CLIMATE change is likely to reduce economic growth in developing countries, says national development planning minister Alexander Chiteme.
Chiteme has called on African countries to significantly invest in climate change adaptation and mitigation programme to reduce the negative impact on continent’s economic growth.
Speaking yesterday at Hotel Laico L’amitié Bamako in Mali where he featured as a panelist on a ministerial roundtable discussion under the theme: ‘Paradigm shift toward low-emission and climate-resilient sustainable development in Africa’ at the Green Climate Fund (GCF) organised Structured Dialogue with Africa, Chiteme said the impacts of climate change would have a disproportional negative impact on developing countries due to their weak technological capacity and exacerbate poverty.
“Climate change is likely to reduce economic growth in developing countries and significant investments in climate change adaptation and mitigation are necessary,” Chiteme said in a statement issued by the ministry’s spokesperson Chibaula Silwamba.
Chiteme said most African countries like Zambia depended on rain-fed agriculture and the sector was mostly driven by the rural people.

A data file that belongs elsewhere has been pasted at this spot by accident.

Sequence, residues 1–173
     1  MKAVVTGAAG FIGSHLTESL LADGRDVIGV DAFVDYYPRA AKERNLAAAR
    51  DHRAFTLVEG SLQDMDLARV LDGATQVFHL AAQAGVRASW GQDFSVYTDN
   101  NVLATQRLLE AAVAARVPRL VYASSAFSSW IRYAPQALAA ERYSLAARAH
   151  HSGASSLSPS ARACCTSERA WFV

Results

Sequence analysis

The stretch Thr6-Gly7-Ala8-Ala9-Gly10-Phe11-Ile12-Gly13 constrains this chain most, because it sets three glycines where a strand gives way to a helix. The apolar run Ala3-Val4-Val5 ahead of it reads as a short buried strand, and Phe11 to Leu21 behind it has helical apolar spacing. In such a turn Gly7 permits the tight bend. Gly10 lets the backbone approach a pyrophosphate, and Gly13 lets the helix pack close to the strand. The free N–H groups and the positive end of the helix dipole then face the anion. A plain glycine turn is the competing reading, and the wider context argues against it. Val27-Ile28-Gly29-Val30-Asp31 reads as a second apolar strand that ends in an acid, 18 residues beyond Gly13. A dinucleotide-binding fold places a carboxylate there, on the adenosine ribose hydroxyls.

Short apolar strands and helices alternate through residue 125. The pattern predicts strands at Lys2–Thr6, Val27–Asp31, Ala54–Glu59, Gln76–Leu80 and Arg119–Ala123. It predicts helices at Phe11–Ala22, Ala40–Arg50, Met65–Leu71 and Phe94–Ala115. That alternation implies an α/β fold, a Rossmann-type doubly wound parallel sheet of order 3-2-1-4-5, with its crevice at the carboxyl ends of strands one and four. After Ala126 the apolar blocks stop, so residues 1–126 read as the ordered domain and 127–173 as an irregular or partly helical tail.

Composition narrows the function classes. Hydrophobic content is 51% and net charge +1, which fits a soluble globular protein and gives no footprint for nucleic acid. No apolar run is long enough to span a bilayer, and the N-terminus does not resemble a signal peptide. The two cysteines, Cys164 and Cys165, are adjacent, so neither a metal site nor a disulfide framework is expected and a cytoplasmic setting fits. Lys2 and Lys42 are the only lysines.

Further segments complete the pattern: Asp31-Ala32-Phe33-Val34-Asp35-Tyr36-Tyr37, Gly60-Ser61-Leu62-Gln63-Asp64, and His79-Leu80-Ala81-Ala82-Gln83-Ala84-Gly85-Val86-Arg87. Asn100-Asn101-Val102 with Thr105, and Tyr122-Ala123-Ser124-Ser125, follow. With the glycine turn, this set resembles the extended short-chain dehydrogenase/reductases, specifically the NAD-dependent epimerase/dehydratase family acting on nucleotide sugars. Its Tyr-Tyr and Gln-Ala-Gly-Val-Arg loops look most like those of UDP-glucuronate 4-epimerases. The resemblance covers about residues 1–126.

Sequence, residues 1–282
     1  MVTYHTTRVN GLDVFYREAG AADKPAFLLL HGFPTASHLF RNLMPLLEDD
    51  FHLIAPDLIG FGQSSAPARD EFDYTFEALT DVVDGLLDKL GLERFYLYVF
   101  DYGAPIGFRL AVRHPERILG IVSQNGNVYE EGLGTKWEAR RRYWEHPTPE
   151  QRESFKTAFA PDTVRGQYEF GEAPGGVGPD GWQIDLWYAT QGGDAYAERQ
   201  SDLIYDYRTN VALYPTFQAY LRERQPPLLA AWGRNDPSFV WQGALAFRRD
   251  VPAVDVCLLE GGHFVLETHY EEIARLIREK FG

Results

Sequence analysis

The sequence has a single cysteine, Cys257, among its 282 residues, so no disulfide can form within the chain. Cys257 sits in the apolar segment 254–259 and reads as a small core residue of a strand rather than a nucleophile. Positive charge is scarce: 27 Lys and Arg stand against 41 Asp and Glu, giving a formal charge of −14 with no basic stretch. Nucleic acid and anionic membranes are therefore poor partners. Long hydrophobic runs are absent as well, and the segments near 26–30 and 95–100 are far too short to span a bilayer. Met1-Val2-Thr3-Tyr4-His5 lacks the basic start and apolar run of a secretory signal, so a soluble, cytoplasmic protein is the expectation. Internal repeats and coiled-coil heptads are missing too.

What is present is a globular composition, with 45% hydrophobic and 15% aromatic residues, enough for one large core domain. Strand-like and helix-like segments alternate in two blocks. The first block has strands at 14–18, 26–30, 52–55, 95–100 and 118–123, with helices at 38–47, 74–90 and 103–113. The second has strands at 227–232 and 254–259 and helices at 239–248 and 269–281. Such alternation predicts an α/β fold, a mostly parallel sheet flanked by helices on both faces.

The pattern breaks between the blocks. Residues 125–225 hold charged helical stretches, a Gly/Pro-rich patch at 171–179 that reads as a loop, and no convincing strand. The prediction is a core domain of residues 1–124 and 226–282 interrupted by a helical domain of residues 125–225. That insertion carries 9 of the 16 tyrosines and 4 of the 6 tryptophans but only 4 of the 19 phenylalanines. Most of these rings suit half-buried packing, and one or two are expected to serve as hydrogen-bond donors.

He observed that any variabilities due to climate change in rainfall patterns, such as droughts and other harsh weather conditions, tend to affect food production and living condition.
“This in turn continues to pose challenges in economic growth and development of our countries,” Chiteme said, adding that about 60 per cent of Zambians depend on rain-fed agriculture.
He said reduction in cash crop production was a threat to Zambia’s national economic diversification, job creation agenda and the fight against poverty.
“These are the cornerstones of our development trajectory as spelt out in our Seventh National Development Plan,” said Chiteme.